YOU ARE HERE: LAT HomeCollections

Sports Weekend | MOTOR RACING

Drag Racing Is in Toliver's Blood, It's True, It's True

July 06, 2001|SHAV GLICK

For someone who has raced boats at more than 215 mph and cars at more than 315 mph, it was a bit surprising when Jerry Toliver said one of the biggest thrills in his career was standing on a podium at the NHRA Motorsports Museum.

"Art Chrisman, my uncle and my greatest hero, was on one side of me, and Dale Armstrong, my crew chief and the man who masterminded Kenny Bernstein's record 300-mph run, was on the other," explained Toliver. "You can't get better than that.

"Beside Chrisman was the old No. 25 car he drove that was the first to break 140 mph, and beside Armstrong was Bernstein's 300-mph dragster. It made me feel like I was the link between the past and the present. For me to be standing there, between those two, was remarkable, I thought."

Toliver, as is the National Hot Rod Assn., is 50 this year.

Although Toliver, driver of the World Wrestling Federation-sponsored funny car, grew up in a racing environment, he has been a professional drag racer for only a little more than three years. He burst into the spotlight in the final race of 1999 by upsetting multi-champion John Force in the Auto Club Finals at Pomona.

"Hey, I've been a drag racer all my life, really," the third-generation driver said at his race shop in Riverside.

"Some of my earliest memories are of racing. My grandfather, Everett Chrisman, started it all with his sons, Art and Lloyd. I was 4 or 5 when my grandfather, they called him Pop, would come to our house in Compton, riding a big old Harley-Davidson. He'd put me up front, on the tank, and ride me to the racing shop in Willowbrook. You can imagine what a thrill that was for a little tyke.

"There were race cars all over the place and I felt like a kid turned loose in a candy shop.

"I remember going to races to watch Uncle Art and Uncle Jack [grandfather Everett's brother] race, as far back as I can remember."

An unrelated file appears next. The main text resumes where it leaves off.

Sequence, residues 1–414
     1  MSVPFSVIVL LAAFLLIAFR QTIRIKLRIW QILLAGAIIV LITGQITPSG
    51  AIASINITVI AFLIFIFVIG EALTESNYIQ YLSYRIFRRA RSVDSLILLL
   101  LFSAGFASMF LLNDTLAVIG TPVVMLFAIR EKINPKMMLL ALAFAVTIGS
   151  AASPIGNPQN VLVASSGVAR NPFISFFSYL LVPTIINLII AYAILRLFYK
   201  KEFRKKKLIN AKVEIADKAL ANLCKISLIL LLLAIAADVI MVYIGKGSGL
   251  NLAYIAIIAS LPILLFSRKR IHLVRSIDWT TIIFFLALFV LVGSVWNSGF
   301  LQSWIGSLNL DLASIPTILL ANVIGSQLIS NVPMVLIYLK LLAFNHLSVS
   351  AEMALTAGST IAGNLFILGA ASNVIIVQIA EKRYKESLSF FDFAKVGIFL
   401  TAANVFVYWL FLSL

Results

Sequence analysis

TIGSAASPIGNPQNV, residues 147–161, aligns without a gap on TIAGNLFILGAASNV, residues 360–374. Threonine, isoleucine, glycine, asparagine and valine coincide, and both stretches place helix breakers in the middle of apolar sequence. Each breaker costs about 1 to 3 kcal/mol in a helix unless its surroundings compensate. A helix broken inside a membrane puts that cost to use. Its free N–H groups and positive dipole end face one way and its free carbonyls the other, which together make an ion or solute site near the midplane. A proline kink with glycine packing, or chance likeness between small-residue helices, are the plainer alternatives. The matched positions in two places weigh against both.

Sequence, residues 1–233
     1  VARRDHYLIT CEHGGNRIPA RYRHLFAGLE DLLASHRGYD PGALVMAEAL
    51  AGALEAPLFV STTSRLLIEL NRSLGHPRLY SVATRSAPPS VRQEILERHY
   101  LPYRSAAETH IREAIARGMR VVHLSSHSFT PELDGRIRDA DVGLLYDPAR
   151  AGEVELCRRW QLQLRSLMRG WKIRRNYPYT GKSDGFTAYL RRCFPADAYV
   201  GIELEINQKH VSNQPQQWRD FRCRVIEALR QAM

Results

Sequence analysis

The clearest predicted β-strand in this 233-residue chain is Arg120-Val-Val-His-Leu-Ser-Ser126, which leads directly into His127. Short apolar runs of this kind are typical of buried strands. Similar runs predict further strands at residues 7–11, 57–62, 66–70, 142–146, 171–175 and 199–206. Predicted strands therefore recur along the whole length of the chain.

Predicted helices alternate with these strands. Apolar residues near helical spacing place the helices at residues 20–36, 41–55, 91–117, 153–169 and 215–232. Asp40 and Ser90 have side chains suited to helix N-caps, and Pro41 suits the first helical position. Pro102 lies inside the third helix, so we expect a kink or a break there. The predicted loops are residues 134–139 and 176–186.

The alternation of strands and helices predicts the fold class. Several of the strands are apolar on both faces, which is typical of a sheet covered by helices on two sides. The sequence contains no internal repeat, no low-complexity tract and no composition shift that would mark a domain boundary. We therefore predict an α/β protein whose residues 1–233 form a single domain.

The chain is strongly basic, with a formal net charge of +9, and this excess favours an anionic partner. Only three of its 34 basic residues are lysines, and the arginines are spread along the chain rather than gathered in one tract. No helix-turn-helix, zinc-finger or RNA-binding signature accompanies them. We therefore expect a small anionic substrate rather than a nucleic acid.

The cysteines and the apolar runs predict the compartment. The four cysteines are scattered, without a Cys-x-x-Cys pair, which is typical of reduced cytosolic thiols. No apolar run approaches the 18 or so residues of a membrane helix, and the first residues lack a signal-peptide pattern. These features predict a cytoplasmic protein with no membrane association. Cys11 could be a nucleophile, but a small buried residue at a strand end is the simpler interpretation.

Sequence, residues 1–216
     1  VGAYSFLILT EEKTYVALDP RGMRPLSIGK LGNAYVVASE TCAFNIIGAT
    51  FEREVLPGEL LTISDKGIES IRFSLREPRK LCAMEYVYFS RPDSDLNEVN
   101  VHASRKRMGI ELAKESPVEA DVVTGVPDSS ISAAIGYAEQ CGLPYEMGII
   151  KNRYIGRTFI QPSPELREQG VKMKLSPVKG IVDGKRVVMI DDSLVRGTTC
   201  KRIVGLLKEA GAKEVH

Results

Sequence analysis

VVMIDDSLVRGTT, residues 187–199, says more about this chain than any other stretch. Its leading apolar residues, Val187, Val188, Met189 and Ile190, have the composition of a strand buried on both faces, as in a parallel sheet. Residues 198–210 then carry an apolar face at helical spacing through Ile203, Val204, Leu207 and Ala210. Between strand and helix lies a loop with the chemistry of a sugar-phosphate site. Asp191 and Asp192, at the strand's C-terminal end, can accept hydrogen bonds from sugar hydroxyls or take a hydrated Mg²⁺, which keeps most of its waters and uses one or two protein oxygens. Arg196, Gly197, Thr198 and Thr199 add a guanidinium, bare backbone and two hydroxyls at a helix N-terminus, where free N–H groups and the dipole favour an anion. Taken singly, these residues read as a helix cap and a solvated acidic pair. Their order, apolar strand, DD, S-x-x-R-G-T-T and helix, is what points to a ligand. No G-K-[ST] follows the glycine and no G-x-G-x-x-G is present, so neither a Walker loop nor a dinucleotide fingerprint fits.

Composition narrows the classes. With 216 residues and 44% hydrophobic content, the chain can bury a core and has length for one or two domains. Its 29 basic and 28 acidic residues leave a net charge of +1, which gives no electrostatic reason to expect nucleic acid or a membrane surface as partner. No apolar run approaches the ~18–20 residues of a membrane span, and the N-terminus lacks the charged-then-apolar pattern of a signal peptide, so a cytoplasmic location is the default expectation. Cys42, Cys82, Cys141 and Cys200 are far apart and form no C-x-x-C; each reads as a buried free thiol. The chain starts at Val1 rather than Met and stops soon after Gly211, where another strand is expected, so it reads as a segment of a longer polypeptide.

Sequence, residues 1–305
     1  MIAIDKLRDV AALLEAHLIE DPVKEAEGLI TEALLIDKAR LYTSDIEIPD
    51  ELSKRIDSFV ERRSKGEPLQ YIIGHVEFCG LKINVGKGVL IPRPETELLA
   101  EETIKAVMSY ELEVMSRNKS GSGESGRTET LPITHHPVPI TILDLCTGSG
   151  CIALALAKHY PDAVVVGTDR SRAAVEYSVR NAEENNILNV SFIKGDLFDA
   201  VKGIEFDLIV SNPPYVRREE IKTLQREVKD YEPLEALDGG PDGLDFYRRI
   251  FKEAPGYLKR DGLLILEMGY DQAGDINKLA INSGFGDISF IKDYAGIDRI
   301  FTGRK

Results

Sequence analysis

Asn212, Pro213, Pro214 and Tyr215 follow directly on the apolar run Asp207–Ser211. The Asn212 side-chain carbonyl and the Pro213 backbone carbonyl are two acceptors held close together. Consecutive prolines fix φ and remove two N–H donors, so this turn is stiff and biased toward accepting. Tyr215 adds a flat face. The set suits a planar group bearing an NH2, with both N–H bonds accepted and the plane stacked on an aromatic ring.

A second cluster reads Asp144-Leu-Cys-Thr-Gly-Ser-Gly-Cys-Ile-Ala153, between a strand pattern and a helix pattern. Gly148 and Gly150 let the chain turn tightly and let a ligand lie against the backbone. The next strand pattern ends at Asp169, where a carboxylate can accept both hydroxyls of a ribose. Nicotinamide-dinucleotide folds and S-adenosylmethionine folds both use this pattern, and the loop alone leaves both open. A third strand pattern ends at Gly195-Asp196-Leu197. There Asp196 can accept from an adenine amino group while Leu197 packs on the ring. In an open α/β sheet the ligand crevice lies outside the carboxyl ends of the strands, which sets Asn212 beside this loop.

Art and Jack are members of the NHRA Hall of Fame.

Art drove the first car to make a pass in the NHRA's first national event, at Great Bend, Kan., in 1955, and four years later, in his famed No. 25 dragster, was the first winner of the U.S. Fuel & Gas championship in Bakersfield.

Jack, who died in 1989, is considered the NHRA's first big-name star. In 1961 he won the inaugural Winternationals at Pomona and the NHRA top-eliminator championship. He also is credited with developing the funny car when he showcased Sachs & Sons' Mercury Comet, the sport's first nitro-burning funny car, in an exhibition.

"Art and my mother [Juanita] have always been very supportive of my racing and having the Chrismans as my uncles gave me instant credibility at the race track," Toliver said. "They are legends in the sport and mention of their name has opened doors for me."

Mom Toliver, as his mother is known around the NHRA, attends six to eight races a year, works in the race shop office three days a week and runs the Jerry Toliver Fan Club. One of her sons, Craig, is a member of the Toliver crew.

Uncle Art and his son, Mike, operate CARS (Chrisman Auto Rod Specialists) in Santa Ana, where they build and restore street rods.

"With that kind of background, I was into fast cars as soon as I could drive," Toliver said. "When I was 15 or so, I had a hopped up '56 Chevy II Nova that I would cruise out to Bob's Big Boy in Whittier and take on all comers. We'd go out to some industrial road late at night and go at it.

"I don't think I ever lost a street challenge. From there, I drove at drag strips in production classes, but by then I was into boats. Our family used to vacation at the Colorado River and Uncle Art bought a flat-bottom when I was 12 or 13 and I thought that was the ultimate, to run up and down the river. I started going to drag-boat races at Long Beach Marine Stadium and eventually I got myself a top-fuel hydro."

For five years, Toliver was a mainstay of the International Hot Boat Assn. circuit.

A violent crash at Puddingstone Lake in San Dimas in October of 1995 ended his boating career.

"Puddingstone was kind of rough and I hit a roller going through the lights and flipped upside down at about 214 [mph]," he said. "It broke the capsule off, which turned out to be fortunate for me because when the [safety crew] got to me, I was unconscious but the capsule was floating with me in it."

Toliver suffered a broken back and hand and took in a lot of water.

"I was out of the hospital in a week but it took me a year to heal up right," he said.

Like drag-boat champion Eddie Hill before him, Toliver's next move was from boats to cars.

"I bought a car from Gary Clapshaw in 1997 and decided to start right off running nitro funny cars," he said. "Even before I won a race, my car attracted attention because it was sponsored by MAD magazine. When the WWF decided to get involved with drag racing, we worked right in with their program.

"We have a great relationship with the WWF. One reason is that the demographic crossover is almost an overlay between wrestling and drag racing."

Los Angeles Times Articles